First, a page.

The Arabic Lesson


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Each decade is a decade of it’s own. Childhood, adolescence and teenage and now into the thirties. As I ended up in my hometown, I was amazed at how things turn around. Imagination and vision was running wild. What the future holds is only to be experienced. But the difference couldn’t be more disenchanting.

The extroverted introvert that I am, returning to home turf was always going to be one of comfort, familiarity and ease of settling down. The memories reviving one after the other as old registered landmarks evoked music from the recent past.

Growing up as a non resident in the Middle East is an experience of it’s own, each markedly different in each state of the G.C.C. One of the smallest countries in the world situated in the northernmost tip of the Arabian Gulf, Kuwait shares it’s borders with Iraq and Saudi Arabia.

As a 5 year old who had little orientation of events during the Gulf War of 1990-91, I grew up having to flee the country when Iraq invaded. Two years of return to native home turf of God’s own country meant I got to go to a convent school in Thangasseri, Kollam as I learnt the basics of reading and writing my mother tongue.

Having been to an all boys school for the rest of my life in Kuwait, personality development as an introvert was terribly blunted. However the ease of scholastic performances masked the nature of individual I really was.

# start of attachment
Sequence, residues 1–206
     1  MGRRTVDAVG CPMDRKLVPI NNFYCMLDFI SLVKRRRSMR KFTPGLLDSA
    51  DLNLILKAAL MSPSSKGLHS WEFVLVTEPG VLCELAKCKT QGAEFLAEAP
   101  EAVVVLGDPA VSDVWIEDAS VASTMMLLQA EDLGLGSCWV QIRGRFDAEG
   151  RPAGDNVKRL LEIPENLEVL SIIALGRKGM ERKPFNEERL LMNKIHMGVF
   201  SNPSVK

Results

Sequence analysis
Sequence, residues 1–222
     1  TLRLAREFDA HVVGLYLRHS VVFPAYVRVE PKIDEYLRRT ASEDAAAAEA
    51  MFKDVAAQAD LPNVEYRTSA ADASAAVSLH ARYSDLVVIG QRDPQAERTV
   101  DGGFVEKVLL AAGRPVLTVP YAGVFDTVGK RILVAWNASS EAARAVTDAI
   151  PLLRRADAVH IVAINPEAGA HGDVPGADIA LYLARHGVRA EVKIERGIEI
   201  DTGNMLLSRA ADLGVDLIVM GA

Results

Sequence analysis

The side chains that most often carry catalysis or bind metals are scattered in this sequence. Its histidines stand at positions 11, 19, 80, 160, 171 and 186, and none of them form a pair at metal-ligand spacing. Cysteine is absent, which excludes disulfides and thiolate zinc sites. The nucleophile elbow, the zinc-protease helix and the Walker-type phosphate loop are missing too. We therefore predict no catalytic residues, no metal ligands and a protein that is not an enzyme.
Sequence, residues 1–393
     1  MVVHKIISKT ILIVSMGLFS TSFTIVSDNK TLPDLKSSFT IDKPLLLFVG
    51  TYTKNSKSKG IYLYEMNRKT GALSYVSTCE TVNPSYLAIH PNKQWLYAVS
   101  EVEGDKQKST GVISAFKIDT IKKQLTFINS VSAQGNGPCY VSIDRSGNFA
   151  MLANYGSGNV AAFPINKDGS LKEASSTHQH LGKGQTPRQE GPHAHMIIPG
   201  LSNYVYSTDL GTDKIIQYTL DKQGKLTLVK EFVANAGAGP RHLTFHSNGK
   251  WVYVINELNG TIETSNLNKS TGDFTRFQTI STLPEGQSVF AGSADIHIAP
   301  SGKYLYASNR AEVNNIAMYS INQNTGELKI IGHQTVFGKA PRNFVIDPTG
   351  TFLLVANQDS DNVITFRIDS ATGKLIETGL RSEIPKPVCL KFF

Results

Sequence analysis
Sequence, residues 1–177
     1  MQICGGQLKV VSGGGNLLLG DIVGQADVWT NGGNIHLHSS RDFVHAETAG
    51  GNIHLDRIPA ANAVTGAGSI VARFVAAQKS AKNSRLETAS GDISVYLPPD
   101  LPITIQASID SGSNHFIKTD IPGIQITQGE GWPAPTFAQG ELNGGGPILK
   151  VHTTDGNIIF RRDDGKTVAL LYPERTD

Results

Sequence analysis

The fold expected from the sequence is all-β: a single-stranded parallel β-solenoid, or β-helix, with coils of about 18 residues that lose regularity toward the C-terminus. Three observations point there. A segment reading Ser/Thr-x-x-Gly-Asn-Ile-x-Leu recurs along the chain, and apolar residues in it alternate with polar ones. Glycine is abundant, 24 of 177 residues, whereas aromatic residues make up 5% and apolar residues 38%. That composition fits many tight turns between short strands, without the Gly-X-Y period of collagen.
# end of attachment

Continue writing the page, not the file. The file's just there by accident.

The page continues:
Escaping the barbed wires of teen life happened when I went to medical school in the beautiful southern western ghats of Manipal. Exposure to people of varying socioeconomic strata from different parts of the world and in the company of some wonderful friends, I expanded my realms of personality.

Lack of a specific direction, with the confidence to tackle any problem thrown at, I was willing to challenge myself to many things.

Pressure is a powerful thing. It can bring the best out of some and at the same time releases all your inhibitions; the cloaks of ‘learning’ done over the years can fall off one’s shoulders when push comes to shove. Post graduation was more of becoming a human being and understanding inter person relations rather than learning the trait. Of course, three years of training in work overloaded hospitals doesn’t really let you learn the trade in it’s entirety as medical school seems to be a never ending learning process. But then, so is life.

While the return to the sandy life of the Middle East was serendipitous, the developments over the next 15 months were to change my life forever.

Acclimatizing to the much better ergonomics was a boon. Working with Arabic spoken language ringing all around didn’t hurt the cochlea. Having learnt to read and write the language for three years in school, the old cards of language stored in childhood memory folders were retrieved. Striking though was how the Arabic language that was learnt was so different from the local dialect as well as the Arabic spoken around me. Surrounded by more foreign Arabs than natives I was beginning to hear words that I had never heard before.